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Does the riseball really rise???

FastpitchFan

Softball fan
Feb 28, 2008
496
0
Montreal, Canada
For the old timers... you will remember that heated debate in the old fastpitch forums back in the 1990s.

How about we start it again.

What do you think.... does the riseball really rise or is it just high fastball with an optical illusion?

What is your opinion? Any data or example to support?

Marc :)
 

Ken Krause

Administrator
Admin
May 7, 2008
3,447
48
Mundelein, IL
According to the physics guys (of which I am not one by far) it doesn't rise because it can't rise -- by which I mean suddenly change planes upward at the end. You can't develop sufficient spin to generate sufficient Magnus Effect to overcome gravity.

Mark H has referenced a video study Scott Sargesen (sp?) did on Sarah Pauly that showed the same thing.

But one of the best tests is to DVR some college or Team USA games, and when you see what appears to be a rise ball (or what the announcers identify as a rise ball) watch it in slow motion -- especially from the behind the catcher view. What I usually see is the pitch actually STOPS rising and flattens out. That appears to be the major difference between a rise ball and a fastball that moves up through the zone. The latter continues upward due to trajectory. The former goes up, then stops going up. Perhaps we should change the name to the flatter-outer. :)
 
May 9, 2008
7
0
Ok im sure that change plane.Im sure cause when i throw it well and there's even little wind against me,hitters swing the bat approx 15/20 cm over the ball.And they are pretty sure that are going to push the ball out of the ballpark.If you ask me if the ball jump,well it doesn't but it sure that rise to change plane.And low rise ball it's a strikeout pitch even.But often if wind doesn't blow against you and your whip+resistance+grip+spin it's poor or wrong you'll get an high fastball(bullet spin rotation)and only thing that rise it's homerun.It's the same question you could ask about drop ball:does drop ball really drop?:rolleyes:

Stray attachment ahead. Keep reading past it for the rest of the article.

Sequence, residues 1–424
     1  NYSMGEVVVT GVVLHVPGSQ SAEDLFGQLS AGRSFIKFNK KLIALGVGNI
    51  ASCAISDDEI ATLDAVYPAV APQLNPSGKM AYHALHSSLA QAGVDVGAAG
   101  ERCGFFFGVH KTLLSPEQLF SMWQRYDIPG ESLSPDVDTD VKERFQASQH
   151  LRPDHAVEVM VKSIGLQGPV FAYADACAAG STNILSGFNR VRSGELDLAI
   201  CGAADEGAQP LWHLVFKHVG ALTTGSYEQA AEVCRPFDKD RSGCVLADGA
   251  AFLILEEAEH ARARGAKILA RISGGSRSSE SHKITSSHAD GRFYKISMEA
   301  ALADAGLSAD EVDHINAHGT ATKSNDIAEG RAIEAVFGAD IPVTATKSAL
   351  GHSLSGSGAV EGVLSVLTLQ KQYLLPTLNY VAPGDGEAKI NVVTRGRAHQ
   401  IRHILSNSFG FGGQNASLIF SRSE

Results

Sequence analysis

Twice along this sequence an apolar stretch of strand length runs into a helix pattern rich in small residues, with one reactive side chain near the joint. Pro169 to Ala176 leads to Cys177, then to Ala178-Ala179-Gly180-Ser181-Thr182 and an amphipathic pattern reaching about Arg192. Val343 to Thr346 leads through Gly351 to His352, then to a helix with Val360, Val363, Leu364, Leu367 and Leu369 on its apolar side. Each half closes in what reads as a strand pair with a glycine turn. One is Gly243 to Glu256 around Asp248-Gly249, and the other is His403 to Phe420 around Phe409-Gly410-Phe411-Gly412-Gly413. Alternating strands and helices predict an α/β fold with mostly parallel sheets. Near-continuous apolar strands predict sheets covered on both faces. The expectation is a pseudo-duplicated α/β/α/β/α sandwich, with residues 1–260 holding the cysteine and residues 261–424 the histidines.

pdj

May 7, 2008
26
0
I Don't Know But....

It sure fools me by not going down as much as I expected on the slow rise. The sharp biting rise really confuses me, it appears to hop. Also I get very nervous when someone like Hillhouse throws to me with the wind in his face!
 
As mentioned above by Ken; Scott Sarginson and I did do a headon and a profile analysis of Sarah's (daughter) riseball.
When viewing from the catchers/hitters vantage point the ball appears to rise (change planes), but when viewed from the side (profile) it definitely has lost most of its upward angle by the time it gets to the zone. If I can figure out how to attach a picture here I'll try to get some from the study and some of a few other elite level pitchers.
I've read a lot of information based on the laws of physics relative to this subject. Haven't found any yet that suggests that the riseball actually increases its originally thrown angle.

Rick
 
May 7, 2008
110
0
For those of you who don't know...Sarah Pauly is an ELITE pitcher who had a ridiculous college career and now pitches in the NPF. So if her own dad admits that the rise doesn't really rise...

Keith
 
May 26, 2008
3
0
A ball will move/curve perpendicular to its axis of spin. I believe Ernie Parker coined the phrase, "airplane riseball", and to me, describes a ball thrown with a horizontal axis, back-spin, and thrown at an upward angle. A riseball ball thrown horizontally to the ground will not rise above the horizontal plane, but will drop less that a bullet spin or drop spin. And the drop ball spin will drop farther that the bullet spin.

Believe it, or not,

Brad . . . retired from bucket sitting
 

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